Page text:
And yeah, it’s the same thing. So this innovation has occurred, one in concept of loyalty, but number two, now personalization is so important. So the biggest innovation now I’m seeing is around data and artificial intelligence. So taking those concepts I just mentioned to you. Mm-hmm. and embedding them into the platform.
So the best platforms of today have now taken these loyalty, best practices that I kind of walked us through. And put them into the platform. So these predictive and prescriptive models in taking what was once done by humans. And I’m not, I’m not an advocate of eliminating human jobs, but I am an advocate of saying the platform should make a human job easier.
So let’s take, predictive models and prescriptive models, and we even have something called Nudge. Let’s nudge brands for how to take these breast practices, put ’em into programs, and significantly enhance their relationships with their customers.
Paula: For sure. For sure. Lots in there. I like the Engagement, Experience and Emotion piece Jim.
That’s super nice and simple.
Jim: Yeah, that I’ll call threes. I think we once talked about four Ps, price and promotion and, and, and part of promotion really has become loyalty in CRM and to me it is threes and, and it’s just a fun way to remember.
Paula: Yeah, for sure, for sure. And Aneesh, would you share that? I suppose from an Asian perspective, you know, based in India, huge clients like you’ve just talked about. This whole concept of moving away from transactional loyalty is, I suppose a very big theme for us on this show. And as Jim says, it is all about emotional loyalty and achieving that can be done in obviously hundreds of different ways.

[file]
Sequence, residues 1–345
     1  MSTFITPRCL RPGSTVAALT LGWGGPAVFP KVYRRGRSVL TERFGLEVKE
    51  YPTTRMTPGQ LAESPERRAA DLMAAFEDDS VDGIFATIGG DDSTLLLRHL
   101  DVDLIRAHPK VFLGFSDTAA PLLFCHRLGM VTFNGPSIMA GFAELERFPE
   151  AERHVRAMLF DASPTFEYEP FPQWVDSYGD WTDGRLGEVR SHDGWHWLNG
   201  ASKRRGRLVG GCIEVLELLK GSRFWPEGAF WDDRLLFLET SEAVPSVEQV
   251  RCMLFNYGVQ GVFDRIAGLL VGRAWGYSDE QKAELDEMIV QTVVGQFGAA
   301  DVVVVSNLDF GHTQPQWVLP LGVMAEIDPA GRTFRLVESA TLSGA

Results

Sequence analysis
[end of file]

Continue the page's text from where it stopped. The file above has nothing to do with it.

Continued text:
But what are you seeing in terms of the evolution of loyalty?
Aneesh: Uh, Paula, I think, uh, very similar stuff in Asia as well. I think the purpose of loyalty really is, uh, you know, to, to bring up that subconscious preference for a brand, right? Mm-hmm. , you know, that subconsciously I prefer something, right? If, and if you’re able to deliver that, we deliver loyalty to the brand or to the product, right?
I love it. Yeah, and I think at some point in time, That preference was built through knowing, look, uh, that this brand offers the best value to me. Mm-hmm. , which is the stamps that Jim was talking about, or. Sure. But, you know, I think today’s generation has changed significantly. Right? Yeah. Today, you know, I think there must be 10, 15% of people who look for value mm-hmm.
uh, but there are others who look for something else, Right. So, I think. What’s fundamentally happened in loyalty is this whole one size fits all approach of a points program, I think is, is is kind of broken, right? I mean I’m look at us as a generation now. Yeah. We, we just so different from each other, right? I mean, in the same house, my brother is so different from me, right?